The stoat looks very small. However, despite its small size, it is a predator. It has a long body and short legs. The stoat has a triangular head and small rounded ears, as well as an elongated neck. The body length is about 30 cm. The tail length varies up to 12 cm. The maximum weight of the stoat is 260 g. Males are twice as large as females.
Depending on the time of year the ermine looks different, because the ermine changes its color. The winter ermine becomes completely white. In winter the ermine looks more fluffy because its fur becomes soft and dense. In summer, the ermine has a two-tone color. The upper part of the body is reddish-brown and the lower part is yellowish-white; the ermine fur becomes coarse and sparse. Only the tip of the tail remains black throughout the year.
The winter color of the ermine is mostly characteristic of the northern areas. Molting occurs in spring and fall. In spring, the head molts first, then the back, and then the abdomen. In autumn, the molting begins in reverse order. For animals that live in the south, the color of the coat does not change in winter. Just in the winter period their fur becomes thicker.
Externally ermine looks very similar to the weasel. But in contrast to the weasel the weasel is larger and has a black tail tip. Another difference between the ermine and the weasel is the value of the fur, tail length and food preferences. The stoat is a valuable furbearer in the Fur family with a longer tail and hunts larger prey than the weasel.
Where does the stoat live and how does it live?
The stoat lives in North America, Europe, and Asia. It is found everywhere, from the shores of the Arctic Ocean to the southern seas, from the Baltics to Sakhalin. Ermine lives in the forest-steppe, river valleys, fields, tundra and taiga. It was introduced to New Zealand to control the rabbit population, but very unsuccessfully. The stoat multiplied rapidly and turned out to be a pest, destroying the young and eggs of native birds, especially the kiwi bird.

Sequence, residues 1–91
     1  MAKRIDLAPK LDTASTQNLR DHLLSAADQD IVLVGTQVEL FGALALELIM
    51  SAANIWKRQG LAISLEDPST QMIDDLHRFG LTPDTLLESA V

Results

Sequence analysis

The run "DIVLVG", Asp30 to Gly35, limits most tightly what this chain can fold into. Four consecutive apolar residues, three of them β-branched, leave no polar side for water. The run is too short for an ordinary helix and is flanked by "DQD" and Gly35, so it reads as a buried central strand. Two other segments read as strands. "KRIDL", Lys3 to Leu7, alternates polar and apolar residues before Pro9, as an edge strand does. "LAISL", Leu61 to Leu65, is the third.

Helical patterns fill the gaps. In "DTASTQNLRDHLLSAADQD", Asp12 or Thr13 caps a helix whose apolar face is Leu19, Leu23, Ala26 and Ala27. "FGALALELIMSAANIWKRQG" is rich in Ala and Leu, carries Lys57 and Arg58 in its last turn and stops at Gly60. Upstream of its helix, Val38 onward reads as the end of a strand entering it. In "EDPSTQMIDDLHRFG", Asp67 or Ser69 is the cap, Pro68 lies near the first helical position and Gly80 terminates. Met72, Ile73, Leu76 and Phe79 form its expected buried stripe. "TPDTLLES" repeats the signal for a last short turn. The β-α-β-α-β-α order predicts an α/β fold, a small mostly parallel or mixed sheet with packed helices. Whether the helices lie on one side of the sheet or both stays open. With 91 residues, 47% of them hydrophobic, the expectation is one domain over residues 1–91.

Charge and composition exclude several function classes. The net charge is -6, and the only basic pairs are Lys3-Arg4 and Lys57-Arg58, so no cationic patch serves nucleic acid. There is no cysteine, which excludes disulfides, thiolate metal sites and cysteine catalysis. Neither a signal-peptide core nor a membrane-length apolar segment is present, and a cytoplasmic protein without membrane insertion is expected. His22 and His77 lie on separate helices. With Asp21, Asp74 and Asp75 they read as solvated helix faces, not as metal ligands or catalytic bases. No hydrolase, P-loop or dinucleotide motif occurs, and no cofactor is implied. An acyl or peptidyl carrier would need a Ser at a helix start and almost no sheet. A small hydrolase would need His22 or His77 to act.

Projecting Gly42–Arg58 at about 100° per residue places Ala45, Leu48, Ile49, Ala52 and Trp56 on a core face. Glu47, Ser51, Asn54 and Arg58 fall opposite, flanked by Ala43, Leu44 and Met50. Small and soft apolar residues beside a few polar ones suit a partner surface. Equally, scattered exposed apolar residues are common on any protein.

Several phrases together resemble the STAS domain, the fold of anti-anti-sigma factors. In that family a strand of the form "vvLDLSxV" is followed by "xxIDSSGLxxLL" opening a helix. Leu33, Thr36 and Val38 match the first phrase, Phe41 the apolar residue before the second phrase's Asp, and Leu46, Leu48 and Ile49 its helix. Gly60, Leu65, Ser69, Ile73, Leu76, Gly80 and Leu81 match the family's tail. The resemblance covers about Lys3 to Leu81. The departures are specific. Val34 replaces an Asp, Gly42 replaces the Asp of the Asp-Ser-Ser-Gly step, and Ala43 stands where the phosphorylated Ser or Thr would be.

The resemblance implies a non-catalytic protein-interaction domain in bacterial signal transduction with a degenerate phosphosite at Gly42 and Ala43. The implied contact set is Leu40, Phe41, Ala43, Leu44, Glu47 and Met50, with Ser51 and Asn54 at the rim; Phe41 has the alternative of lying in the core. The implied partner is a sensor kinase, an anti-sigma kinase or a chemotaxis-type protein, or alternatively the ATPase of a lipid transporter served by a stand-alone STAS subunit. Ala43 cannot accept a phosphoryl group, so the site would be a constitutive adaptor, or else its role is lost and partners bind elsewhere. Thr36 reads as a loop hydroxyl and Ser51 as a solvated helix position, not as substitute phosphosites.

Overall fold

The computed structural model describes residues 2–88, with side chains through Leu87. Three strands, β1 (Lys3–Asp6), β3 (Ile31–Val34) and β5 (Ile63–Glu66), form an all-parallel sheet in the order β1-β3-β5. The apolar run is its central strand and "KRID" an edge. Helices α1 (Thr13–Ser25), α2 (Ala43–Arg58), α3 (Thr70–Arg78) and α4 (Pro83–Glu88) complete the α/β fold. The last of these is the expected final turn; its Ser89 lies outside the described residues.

The stoat lives where there is a large population of rodents.
Also, the animal loves water. Therefore, the weasel often lives near ponds, lakes, on coastal meadows and by streams. It is impossible to find the animal in woods, as it prefers to live in glades, gullies and ravines. Sometimes the Ermine lives close to humans, in gardens, parks, at city outskirts.
The small raptor leads a mostly solitary lifestyle. It has its own territory, the boundaries of which are marked. The size of such a plot varies from 10 to 20 hectares. Males have a plot twice as large as that of females. Animals live separately and cross paths only during the mating season. Exceptions are mothers with their brood. In years when food is scarce, stoats migrate long distances, leaving their ranges.
The stoat is mostly active at dusk and at night; sometimes it may be encountered in the daytime. The predator is undemanding in its choice of shelters. It may be found in the most unexpected places, e.g. in a haystack, heap of stones or old stump. It may occupy tree hollows. Quite often ermine occupies burrows of rodents they kill.
The Ermine does not dig its own burrows. In winter the Ermine does not have permanent shelter, but takes shelters under fallen trees, stones, or tree roots.
The Ermine is a very frisky and nimble animal, and very fast. It swims and dives very well and easily climbs trees. Often, in case of danger or threat of attack by the enemy, it will sit upright in a tree. Usually the stoat lives quietly and silently, but when excited, it chirps, hisses and chirps loudly.
The predatory ermine is very brave and bloodthirsty. In a desperate situation, he risks to rush even on a man. Natural enemies of ermine are fox, sable, badger, marten, large birds of prey. The ermine lives from 2 to 6 years. The ermine has one more serious enemy - humans.
Despite the prevalence of the predator, the number of ermine has fallen due to hunting it.
The fur-bearing animal is exterminated by man because of the value of its fur. People exterminate the ermine also because of the harm caused to the economy: the animal destroys chickens and clutches of eggs. However, the ermine is useful in destroying rodents and controlling their population.